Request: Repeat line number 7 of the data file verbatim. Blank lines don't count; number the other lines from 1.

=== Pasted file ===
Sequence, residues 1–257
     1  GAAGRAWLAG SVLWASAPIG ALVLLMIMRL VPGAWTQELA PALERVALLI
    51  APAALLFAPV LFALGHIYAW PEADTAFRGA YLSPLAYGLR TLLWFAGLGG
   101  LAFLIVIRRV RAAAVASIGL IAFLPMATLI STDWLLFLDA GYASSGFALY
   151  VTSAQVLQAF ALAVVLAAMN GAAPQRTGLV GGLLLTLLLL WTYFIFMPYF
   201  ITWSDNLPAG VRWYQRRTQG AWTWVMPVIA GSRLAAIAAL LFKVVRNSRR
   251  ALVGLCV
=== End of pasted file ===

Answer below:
   251  ALVGLCV